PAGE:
Breaking today here on Sprudge, the Specialty Coffee Association of America has officially revised its terms of prequalification for the United States Barista Championship, and will no longer be holding regional barista competitions to determine tournament entry. This news comes after the completion of the 2015 international coffee championships circuit at World of Coffee Gothenburg, the annual Speciality Coffee Association of Europe event held last week in Sweden.

A complete press release from the SCAA announcing these changes can be read in its entirety on Sprudge Wire, our global hub for media communiques and news briefs.

The first United States regional barista competition was held in 2002. In its heyday, the program was held in seven markets around the United States, before contracting to three regional events in 2013. The system has produced multiple World Barista Championship finalists and two WBC champions: Pete Licata in 2013 and Michael Phillips in 2010. Both had been repeat regional champions before succeeding on the national and world stage. Sprudge has attended and reported on (in exhausting detail) each event in the United States regional barista competition circuit since 2011.

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The Uppercut Boxing Gym in Minneapolis served as the venue for the 2014 and 2015 Big Central Barista Competition.
The Uppercut Boxing Gym in Minneapolis served as the venue for the 2014 and 2015 Big Central Barista Competition.

Here’s what the new US Barista Championship qualifications look like, as per an advance press release provided to Sprudge Media Network (emphasis ours):

  • Baristas who either hold a level 1 or 2 SCAA certificate or those who have previously competed in the USBC or a regional barista competition during the 2014 or 2015 cycles will be eligible to register on January 4th, 2016. There will be 35 spots available, on a first come, first serve basis. Companies may enter up to 3 competitors.
  • Registration will open up to anyone interested in competing on January 18th, 2016.  There will be 12 spots available on a first come, first serve basis. Companies may enter up to 3 competitors.
  • The final 3 spots will be reserved for scholarship recipients; the SCAA will be releasing more information about the USBC scholarship program in late 2015.

Elsewhere in the release (published in its entirety here on Sprudge Wire), Barista Guild of America Chair Lorenzo Perkins, formerly of Cuvee Coffee, weighs in: “While it is not easy to see the competitions change, the Barista Guild Executive Council acknowledges the need to ensure we are fulfilling the Barista Guild Mission and Vision with each event. By transitioning away from the current regional barista competition structure, competitions will become more sustainable for the long term, and valuable resources will be freed up to create new and exciting opportunities to engage our BGA membership.”

In their stead, expect a variety of regional events, from the long-established “barista camps” to a series of new “prep-fest” regional events, designed to help inform and provide resources for new and returning competitors. Details are still emerging about the proposed scholarship program, but SCAA sources have indicated that it will be modeled off the organization’s successful SCAA Symposium Fellows scholarship program, profiled previously on Sprudge. The regional competition tournament system is used sparingly around the rest of the world; in the United Kingdom, the system of “heats” and “superheats” is hotly debated, and various regional schemes do currently exist, with varying implementation, in countries like Japan, Canada, and Australia.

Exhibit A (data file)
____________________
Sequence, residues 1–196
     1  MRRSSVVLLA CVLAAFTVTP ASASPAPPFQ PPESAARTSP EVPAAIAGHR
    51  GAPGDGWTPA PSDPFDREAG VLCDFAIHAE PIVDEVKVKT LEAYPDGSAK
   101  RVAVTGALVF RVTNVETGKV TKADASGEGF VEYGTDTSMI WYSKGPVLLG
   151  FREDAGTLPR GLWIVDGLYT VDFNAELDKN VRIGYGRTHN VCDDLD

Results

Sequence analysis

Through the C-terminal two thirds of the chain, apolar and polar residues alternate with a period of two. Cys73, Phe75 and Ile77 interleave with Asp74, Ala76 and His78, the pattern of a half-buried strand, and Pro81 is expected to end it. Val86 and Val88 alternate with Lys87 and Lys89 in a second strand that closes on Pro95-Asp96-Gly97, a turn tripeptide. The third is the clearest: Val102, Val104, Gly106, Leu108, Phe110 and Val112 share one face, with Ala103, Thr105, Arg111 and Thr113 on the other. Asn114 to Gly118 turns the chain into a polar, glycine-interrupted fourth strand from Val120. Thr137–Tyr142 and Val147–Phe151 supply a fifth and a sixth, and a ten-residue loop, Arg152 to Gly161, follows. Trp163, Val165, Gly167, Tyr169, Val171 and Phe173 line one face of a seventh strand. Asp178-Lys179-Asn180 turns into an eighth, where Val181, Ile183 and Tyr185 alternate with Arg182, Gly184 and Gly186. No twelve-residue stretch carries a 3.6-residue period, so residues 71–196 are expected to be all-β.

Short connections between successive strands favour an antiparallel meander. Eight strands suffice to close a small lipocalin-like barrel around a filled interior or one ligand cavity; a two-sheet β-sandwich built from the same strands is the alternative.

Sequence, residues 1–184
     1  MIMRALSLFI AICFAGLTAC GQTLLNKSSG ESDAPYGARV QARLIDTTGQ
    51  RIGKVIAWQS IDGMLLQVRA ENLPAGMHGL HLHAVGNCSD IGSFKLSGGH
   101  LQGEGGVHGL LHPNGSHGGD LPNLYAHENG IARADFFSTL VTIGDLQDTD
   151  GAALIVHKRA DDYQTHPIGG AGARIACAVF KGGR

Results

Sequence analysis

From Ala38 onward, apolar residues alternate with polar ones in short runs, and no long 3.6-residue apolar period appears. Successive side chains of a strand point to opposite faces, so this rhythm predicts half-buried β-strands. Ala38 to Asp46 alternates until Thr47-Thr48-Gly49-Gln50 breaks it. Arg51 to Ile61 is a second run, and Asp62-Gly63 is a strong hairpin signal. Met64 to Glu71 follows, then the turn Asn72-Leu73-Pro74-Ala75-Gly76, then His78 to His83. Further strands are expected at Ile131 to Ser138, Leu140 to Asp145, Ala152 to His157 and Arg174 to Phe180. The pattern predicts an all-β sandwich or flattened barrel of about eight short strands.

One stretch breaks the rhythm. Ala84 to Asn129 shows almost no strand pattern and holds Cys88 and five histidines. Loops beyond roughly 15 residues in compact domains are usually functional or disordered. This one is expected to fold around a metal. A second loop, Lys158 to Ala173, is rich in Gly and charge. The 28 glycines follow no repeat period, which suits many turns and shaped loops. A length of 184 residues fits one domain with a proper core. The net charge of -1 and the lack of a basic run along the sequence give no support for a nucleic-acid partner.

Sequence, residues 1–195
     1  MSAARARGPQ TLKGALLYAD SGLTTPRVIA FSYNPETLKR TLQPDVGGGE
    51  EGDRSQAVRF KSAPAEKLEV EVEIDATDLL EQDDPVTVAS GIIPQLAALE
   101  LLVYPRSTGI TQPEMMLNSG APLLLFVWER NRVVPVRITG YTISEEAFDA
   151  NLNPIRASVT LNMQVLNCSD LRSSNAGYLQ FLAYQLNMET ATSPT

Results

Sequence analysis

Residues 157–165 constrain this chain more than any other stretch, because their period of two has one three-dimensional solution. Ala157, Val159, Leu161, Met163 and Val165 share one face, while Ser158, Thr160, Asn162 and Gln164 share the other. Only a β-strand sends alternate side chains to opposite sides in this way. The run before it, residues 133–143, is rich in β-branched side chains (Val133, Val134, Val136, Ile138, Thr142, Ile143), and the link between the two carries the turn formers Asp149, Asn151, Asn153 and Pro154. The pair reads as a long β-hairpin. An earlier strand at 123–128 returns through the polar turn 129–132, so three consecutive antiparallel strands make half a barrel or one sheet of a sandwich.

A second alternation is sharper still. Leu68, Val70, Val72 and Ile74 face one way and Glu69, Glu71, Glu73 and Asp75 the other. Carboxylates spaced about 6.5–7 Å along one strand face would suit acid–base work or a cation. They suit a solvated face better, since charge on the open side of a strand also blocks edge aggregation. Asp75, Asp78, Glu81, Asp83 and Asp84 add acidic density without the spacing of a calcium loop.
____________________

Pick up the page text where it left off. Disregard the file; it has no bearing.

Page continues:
The average cost for a regional barista competition was in the $50,000 range and the events rarely broke even, according to SCAA sources. The regional barista competition circuit frequently required allocation of additional SCAA funds from other project budgets, as per the same source.

A triumphant moment at the 2015 Big Western Barista Competition in Rancho Mirage, California.
A triumphant moment at the 2015 Big Western Barista Competition in Rancho Mirage, California.

The SCAA, a non-profit organization based in Santa Ana, California, will shift their focus from regional competitions to their other programs: barista camps, certification classes, and grassroots Member Driven Events. There was a clear sense of grieving among the SCAA leaders we spoke with. These regional barista competition events were loved by many dedicated American coffee professionals—they weren’t perfect, or self-sustaining, but many times over we were hosted and shown memorable hospitality by friendly locals in cities across the United States: Kansas City and Minneapolis, Santa Cruz and Durham, Atlanta and Los Angeles, Queens and Palm Springs and Tacoma, to name just a few. These events will be missed.

To the regional competitors throughout the years: we’ll remember your sig drinks and playlists and Twitter handles until the day we die. We really did think your coffee sounded great. Thanks for the memories.

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